Boneland is the third book in the Wierdstone Trilogy, started over 50 years ago with The Weirdstone of Brisingamen.
Taking up the story decades on from the end of the second book, The Moon of Gomrath, it’s set in Cheshire (as the other books were) and (a huge treat for me) at Jodrell Bank Observatory – home of the beautiful Lovell telescope. It centres around the character of Colin, and his amnesia of the first 13 years of his life – including any knowledge of his twin sister, Susan, and the adventures they had.
Boneland isn’t a straightforward sequel – much time has passed between the stories and while Weirdstone and Gomrath were books marketed to children, this is definitely a book for adults. And all the more wonderful for being so! It continues the literary ambitions Garner first established in Red Shift, and executed so beautifully in Thursbitch and The Stone Book Quartet, and his later books. It’s a mature telling of a complex story that has developed over years, rather than a capping off of two books that, while being wonderful novels in themselves, had different ambitions for language and literature relevant to the times they were written in. They reflect something of the interests of the author back then, as Boneland does now.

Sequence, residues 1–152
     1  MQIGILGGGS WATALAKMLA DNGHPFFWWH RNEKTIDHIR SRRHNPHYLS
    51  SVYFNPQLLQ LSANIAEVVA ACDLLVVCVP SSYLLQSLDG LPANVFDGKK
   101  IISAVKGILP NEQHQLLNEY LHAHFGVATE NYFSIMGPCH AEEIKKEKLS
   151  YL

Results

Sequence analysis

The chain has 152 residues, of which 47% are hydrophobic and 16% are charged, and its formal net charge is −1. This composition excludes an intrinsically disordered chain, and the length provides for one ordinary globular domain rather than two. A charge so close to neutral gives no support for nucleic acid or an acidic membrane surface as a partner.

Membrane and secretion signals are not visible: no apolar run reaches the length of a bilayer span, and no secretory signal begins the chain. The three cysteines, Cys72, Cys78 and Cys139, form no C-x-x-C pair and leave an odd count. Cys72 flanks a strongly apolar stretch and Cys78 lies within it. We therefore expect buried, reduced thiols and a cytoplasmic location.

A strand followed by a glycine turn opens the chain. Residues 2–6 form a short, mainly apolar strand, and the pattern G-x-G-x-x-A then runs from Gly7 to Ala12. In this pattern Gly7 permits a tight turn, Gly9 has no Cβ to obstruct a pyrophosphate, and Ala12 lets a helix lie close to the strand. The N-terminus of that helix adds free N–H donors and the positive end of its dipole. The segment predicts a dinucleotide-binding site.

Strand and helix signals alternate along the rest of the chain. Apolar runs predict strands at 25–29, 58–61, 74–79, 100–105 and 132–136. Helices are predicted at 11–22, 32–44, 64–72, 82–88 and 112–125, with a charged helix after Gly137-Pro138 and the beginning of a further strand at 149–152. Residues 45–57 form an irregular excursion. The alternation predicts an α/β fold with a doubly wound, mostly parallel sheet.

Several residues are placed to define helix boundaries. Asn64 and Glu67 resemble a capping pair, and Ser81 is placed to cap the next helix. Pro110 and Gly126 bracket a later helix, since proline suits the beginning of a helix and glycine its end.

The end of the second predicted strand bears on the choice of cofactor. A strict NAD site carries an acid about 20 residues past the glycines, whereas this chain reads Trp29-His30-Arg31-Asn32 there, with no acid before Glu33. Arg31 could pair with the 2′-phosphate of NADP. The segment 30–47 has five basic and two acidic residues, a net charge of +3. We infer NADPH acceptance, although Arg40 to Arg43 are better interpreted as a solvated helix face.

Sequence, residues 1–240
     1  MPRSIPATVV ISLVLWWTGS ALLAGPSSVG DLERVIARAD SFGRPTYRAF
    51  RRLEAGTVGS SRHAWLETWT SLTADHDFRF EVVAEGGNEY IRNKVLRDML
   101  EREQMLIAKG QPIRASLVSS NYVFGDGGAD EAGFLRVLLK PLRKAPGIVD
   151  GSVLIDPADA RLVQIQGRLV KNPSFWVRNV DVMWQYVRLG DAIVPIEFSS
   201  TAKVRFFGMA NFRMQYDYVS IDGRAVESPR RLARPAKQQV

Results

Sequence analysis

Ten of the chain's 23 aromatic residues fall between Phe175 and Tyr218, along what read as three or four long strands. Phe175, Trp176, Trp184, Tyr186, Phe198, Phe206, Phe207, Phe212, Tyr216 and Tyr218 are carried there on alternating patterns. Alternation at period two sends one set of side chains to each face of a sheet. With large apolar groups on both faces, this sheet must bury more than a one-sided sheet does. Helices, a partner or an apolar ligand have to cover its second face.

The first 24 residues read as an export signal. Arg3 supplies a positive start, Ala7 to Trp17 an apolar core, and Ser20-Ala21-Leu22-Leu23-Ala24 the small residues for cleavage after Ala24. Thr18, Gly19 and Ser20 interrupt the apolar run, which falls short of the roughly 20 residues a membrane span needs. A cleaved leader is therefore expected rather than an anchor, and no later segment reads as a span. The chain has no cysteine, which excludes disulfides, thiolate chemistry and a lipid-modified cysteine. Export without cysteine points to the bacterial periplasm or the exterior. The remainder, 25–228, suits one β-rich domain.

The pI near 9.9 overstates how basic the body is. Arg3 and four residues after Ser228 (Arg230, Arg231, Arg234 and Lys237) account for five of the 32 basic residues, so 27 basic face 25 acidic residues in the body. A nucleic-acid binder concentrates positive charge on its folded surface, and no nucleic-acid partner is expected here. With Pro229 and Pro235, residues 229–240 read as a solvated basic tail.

When the book first came out the reviews were mixed; many people felt Garner should have produced a straightforward ‘Whatever happened to Susan?’ kind of book in the same vein as the first two – when we love something, we want it to continue – and I think I would have been happy with that, but I’m much, much happier with the book he did write. It’s a book for this reader – one who started reading fantasy because of Weirdstone and who has grown up in the intervening years with that first love of reading intact. It’s also a book that honours the development of a writer, and of an intelligent mind, and that is what calls to me – something numinous and important (a bit like the calls Colin hears in Boneland – although not as frightening!) and it’s something to go back to time and again. It’s true Boneland is a book of confusions and wrong-footings on the first-reading – but so is most of Virginia Woolf’s oeuvre and T.S. Eliot’s. Boneland is a book about excavation and exploration and looking for answers – if in Thursbitch Garner looked to the earth for answers, in Boneland he looks both to the earth (a common motif in Garner’s books) and to the night skies. And the way he makes Jodrell Bank a character rather than just a setting is just wonderful!
If you’re looking for a very easy science-fantasy read, then this is probably not the book for you, but if you want to get your teeth into something special then buy it, read it, then read it again.